Of course, what makes the Witness potent is that when its ever-watchful algorithms spot untoward behavior, they can direct human inspectors to intervene. But the narrator in Gnomon assures us that all citizens understand and accept the Witness’ omnibenevolent surveillance and guidance.
The Power of 163 Zettabytes of Data
It’s not too early to ask how close we are to living in a hypernudging algocratic surveillance regime. The construction of infrastructure to support something like the Witness is certainly proceeding apace: Nearly 6 million closed circuit TV (CCTV) cameras keep an eye on public spaces in the United Kingdom. By one estimate, the average Londoner is caught on camera 300 times per day. Data on the number of public and private surveillance cameras deployed in the U.S. is spotty, but the best estimate, from the global business intelligence consultancy IHS Markit, is that there were at least 62 million of them in 2016. Police authorities monitor roughly 20,000 CCTVs in Manhattan, while Chicago boasts a network of 32,000 such devices.
As intrusive as it is, video surveillance today is mostly passive, since there are simply not enough watchers to keep track of the massive amounts of video generated by camera feeds in real time. Video from the CCTVs is generally more useful for solving crimes after the fact than for preventing them. However, a 2016 Stanford University study on artificial intelligence predicts that increasingly accurate algorithmic processing of video from increasingly pervasive CCTV networks will, by 2030, be able to efficiently detect anomalies as they happen in streets, ports, airports, coastal areas, waterways, and industrial facilities.
Nascent facial recognition technologies such as Amazon’s Rekognition, IBM’s Watson Visual Recognition, and Microsoft’s Azure Face API in the U.S. and Megvii and SenseTime in China are still quite clunky, but they’re improving rapidly. In August, the Department of Homeland Security began rolling out its Traveler Verification Service (TVS). To verify passengers are who they claim to be, the system matches photographs taken by Customs and Border Protection (CBP) cameras at airports with a cloud-based database of photos previously captured by the CBP during entry inspections, photos from previous encounters with Homeland Security, and photos from the Department of State, including U.S. passport and U.S. visa photos. The agency claims that TVS inspection cuts the wait in security checkpoint lines in half.
Electronic billboards publicly shame those with low social credit while lionizing high scorers. By making each citizen’s score publicly accessible, the Chinese government hopes to forge “a public opinion environment where keeping trust is glorious.”
As pervasive as they will become, CCTV cameras will actually constitute just a minor segment of the surveillance infrastructure, much of which we are assembling voluntarily. The International Data Corporation projects that an average connected person anywhere in the world in 2025 will interact with connected digital devices nearly 4,800 times per day, or one interaction every 18 seconds. These devices will be part of the omnipresent “internet of everything,” which will include security cameras, smartphones, wearable devices such as Fitbits, radio-frequency identification (RFID) readers, automated buildings, machine tools, vending machines, payment systems, self-driving vehicles, digital signage, medical implants, and even toys. As a result, humanity in 2025 will be generating 163 zettabytes (163 trillion gigabytes) of data annually, a tenfold increase from the amount released into the global datasphere in 2016.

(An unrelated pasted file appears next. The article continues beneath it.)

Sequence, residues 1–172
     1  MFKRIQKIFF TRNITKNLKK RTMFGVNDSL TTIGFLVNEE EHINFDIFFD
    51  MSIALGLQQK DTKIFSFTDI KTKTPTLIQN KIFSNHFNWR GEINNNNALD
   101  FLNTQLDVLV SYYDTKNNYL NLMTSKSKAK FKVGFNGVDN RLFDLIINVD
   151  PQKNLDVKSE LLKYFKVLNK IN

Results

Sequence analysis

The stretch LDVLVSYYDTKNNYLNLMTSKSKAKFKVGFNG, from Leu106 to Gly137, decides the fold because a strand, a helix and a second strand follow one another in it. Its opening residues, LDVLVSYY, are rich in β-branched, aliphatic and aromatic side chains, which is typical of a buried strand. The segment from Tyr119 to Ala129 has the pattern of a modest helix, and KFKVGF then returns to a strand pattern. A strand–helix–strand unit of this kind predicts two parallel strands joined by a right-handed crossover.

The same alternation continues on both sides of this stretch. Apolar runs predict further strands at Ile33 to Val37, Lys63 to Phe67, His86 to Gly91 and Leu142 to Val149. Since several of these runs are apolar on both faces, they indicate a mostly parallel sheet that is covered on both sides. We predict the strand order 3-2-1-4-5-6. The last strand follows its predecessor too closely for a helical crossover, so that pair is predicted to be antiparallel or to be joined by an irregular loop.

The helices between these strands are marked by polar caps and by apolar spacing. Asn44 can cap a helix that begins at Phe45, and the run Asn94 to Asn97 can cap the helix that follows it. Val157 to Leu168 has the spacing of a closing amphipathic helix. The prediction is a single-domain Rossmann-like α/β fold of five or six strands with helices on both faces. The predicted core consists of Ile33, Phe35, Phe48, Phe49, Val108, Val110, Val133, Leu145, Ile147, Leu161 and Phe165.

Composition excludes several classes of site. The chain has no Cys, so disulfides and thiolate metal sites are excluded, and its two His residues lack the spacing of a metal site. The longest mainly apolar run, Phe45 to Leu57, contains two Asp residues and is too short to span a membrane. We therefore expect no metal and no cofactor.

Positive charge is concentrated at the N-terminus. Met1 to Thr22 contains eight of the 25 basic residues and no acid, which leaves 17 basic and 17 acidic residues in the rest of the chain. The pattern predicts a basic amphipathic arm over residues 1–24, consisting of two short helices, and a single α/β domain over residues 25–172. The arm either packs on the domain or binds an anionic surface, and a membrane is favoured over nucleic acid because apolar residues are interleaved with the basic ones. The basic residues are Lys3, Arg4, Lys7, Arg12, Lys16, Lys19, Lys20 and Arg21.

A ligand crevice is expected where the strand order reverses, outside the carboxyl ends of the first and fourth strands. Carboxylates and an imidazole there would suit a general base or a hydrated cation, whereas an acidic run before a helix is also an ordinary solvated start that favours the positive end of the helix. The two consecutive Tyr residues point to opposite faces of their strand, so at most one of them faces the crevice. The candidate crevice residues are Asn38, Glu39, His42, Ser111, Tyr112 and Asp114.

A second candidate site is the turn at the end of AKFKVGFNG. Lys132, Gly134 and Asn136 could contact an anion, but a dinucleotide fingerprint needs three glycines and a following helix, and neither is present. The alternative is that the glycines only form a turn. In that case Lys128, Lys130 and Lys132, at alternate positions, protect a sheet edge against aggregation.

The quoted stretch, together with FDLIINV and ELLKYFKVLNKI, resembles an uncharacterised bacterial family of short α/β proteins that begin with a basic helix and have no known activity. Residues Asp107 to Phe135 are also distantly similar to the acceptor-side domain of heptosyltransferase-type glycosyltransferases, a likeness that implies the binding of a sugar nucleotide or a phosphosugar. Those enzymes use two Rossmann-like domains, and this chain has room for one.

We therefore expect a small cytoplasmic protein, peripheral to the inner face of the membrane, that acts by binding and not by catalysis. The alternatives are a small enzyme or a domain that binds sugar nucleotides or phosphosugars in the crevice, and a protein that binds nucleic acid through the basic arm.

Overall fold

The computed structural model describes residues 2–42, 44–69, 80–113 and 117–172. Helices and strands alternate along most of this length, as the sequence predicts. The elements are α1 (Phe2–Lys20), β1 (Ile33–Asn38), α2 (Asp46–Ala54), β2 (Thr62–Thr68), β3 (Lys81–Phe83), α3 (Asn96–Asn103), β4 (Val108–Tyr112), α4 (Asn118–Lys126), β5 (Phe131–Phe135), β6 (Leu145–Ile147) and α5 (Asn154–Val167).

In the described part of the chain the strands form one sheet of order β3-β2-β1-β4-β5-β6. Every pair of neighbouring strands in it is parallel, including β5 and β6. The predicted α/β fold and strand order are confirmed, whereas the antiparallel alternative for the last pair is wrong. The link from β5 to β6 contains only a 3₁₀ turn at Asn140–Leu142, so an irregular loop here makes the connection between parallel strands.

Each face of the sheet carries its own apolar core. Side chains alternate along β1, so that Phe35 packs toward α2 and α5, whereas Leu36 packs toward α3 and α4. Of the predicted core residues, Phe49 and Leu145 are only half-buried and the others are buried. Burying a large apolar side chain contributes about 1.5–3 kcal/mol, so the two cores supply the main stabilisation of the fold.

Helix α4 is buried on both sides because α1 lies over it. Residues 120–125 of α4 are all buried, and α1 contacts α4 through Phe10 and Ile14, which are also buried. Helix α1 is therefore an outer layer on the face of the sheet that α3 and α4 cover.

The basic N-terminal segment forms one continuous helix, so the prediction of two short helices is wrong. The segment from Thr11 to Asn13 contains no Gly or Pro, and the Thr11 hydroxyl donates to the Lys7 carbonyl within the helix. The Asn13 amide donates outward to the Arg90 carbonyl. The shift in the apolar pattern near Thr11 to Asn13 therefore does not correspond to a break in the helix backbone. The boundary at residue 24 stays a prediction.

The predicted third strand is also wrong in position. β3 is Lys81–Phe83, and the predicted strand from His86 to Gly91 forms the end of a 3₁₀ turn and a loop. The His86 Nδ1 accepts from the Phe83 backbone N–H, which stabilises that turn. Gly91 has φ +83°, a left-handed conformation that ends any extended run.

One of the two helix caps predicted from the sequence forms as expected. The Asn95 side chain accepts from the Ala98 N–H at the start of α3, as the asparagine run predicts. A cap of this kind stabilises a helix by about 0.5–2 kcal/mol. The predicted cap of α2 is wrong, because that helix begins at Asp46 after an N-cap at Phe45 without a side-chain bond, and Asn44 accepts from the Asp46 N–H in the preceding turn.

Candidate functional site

Machine learning provides computational systems with the ability to improve from experience without being explicitly programmed. The technique automatically parses pertinent databases, enabling algorithms to correct for previous errors and make more relevant choices over time. The rising flood of data will train these always-improving algorithms to more quickly detect subtle behavioral anomalies, to include identifying actions and activities that government actors view as undesirable. Based on the results, authorities might seek to intervene before an individual causes harm to himself (through unhealthy eating habits, for example) or others (by committing fraud or even violence).
With Liberty and Justice for All?
In his 2017 essay “From Remote-Controlled to Self-Controlled Citizens,” Swiss Federal Institute of Technology in Zurich computational sociologist Dirk Helbing highlights how wielding such algorithmic power can impair individual liberty. He acknowledges that the torrents of cheap and abundant data generated by omnipresent digital appliances and sensors need to be filtered in order to be usable.
“Those who build these filters will determine what we see,” Helbing warns. “This creates possibilities to influence people’s decisions such that they become remotely controlled rather than make their decisions on their own.”